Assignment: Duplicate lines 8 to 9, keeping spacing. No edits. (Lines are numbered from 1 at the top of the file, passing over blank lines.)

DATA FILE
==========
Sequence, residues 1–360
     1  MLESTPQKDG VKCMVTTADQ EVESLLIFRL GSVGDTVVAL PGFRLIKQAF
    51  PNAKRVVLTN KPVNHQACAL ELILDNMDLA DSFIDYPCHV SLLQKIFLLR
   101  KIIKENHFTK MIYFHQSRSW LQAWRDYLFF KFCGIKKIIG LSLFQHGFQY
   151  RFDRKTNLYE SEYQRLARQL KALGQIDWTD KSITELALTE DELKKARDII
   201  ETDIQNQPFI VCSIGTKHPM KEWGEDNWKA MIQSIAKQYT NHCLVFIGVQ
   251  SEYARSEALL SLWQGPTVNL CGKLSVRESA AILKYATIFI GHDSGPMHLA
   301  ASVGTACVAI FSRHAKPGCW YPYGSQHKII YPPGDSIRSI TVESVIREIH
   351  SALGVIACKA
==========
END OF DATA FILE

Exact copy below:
   301  ASVGTACVAI FSRHAKPGCW YPYGSQHKII YPPGDSIRSI TVESVIREIH
   351  SALGVIACKA